Draft needs: OT, IOL, RB, LB, S

Regardless of who starts at quarterback next season, the Dolphins cannot go into 2022 without upgrading the offensive line. However, Miami might want to turn their attention to free agency and try finding starters on the open market. 

In terms of draft prospects, the Dolphins won’t be selecting high enough (barring a trade-up) to land the likes of Alabama’s Evan Neal or Mississippi State’s Charles Cross. Ohio State offensive tackle Nicholas Petit-Frere is an intriguing prospect, albeit Dolphins fans have every reason to be skeptical about Grier’s ability to find reliable offensive line prospects.

The Dolphins need another young, explosive receiver to join Jaylen Waddle, who had a brilliant first season and earned team MVP honors. Southern California’s Drake London and Ohio State’s Chris Olave could each be available when Miami picks in the first round. 

If the Dolphins wait until the second round, they should monitor Waddle’s former Alabama teammate, John Metchie III, and Purdue’s David Bell, a finalist for the Fred Biletnikoff Award. Western Kentucky’s Jerreth Sterns, who totaled a staggering 150 catches, 1,902 yards, and 17 touchdowns this season, is a mid-major prospect worth considering.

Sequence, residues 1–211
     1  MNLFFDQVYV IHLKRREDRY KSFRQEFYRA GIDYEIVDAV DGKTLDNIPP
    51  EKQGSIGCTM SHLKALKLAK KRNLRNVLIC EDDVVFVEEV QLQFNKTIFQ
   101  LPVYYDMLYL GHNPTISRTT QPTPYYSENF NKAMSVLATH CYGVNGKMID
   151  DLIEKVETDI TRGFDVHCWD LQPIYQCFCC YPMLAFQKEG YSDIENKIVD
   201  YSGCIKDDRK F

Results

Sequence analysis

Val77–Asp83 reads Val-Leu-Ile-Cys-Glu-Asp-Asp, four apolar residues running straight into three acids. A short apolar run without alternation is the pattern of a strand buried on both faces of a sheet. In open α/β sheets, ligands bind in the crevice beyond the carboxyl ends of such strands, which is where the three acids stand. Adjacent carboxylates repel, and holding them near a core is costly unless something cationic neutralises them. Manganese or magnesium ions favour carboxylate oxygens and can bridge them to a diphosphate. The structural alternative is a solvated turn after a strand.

It’s often hard to predict where running backs will go in the draft, but the Dolphins must consider Michigan State’s Kenneth Walker III if he is available in the second round. Walker, a Heisman Trophy finalist, knows Hard Rock Stadium all too well. According to Pro Football Focus, he broke 20 tackles in a 38-17 Spartans victory over the Miami Hurricanes on Sept. 18, 2021.

Whether or not the Dolphins should use a mid-round pick on a quarterback is another conversation worth having. If the team does go down that route, Grier must turn his attention to Western Kentucky’s Bailey Zappe, who carved through defenses for an NCAA-record 5,967 yards and 62 touchdowns in 2021.

1 player on each side of the ball who must step up in 2022

For now, the fate of the 2022 Dolphins rests on Tagovailoa’s shoulder and left arm. Either the team builds around him and makes another run together next season, or they acquire another quarterback — Watson, perhaps? — and move on from the former All-American.

The truth is that Tagovailoa failed to take a legitimate second-year jump in 2022, in part because of the talent around him and in part because he simply didn’t do enough. Before the season ended, he said he needed to devote part of his offseason prep to playing better in cold-weather environments.

Considering Tagovailoa plays in the AFC East and lost both of his road starts against the Bills, that’s probably a good idea.

Luckily for the Dolphins, they already have a solid defensive core in place. An affable personality who has used his 6-foot-4, 310-pound frame to score the occasional offensive touchdown, defensive lineman Christian Wilkins totaled 3.5 sacks, 12 quarterback hits, and forced a fumble in 2021. 

Wilkins, who is eligible for a new contract later this year, ranks well analytically and has become an essential piece of the Dolphins’ future. We’ll see if Tagovailoa — and whoever else officially joins the Dolphins in the coming months — are also here to stay in the long term.

Stats courtesy of Pro Football Reference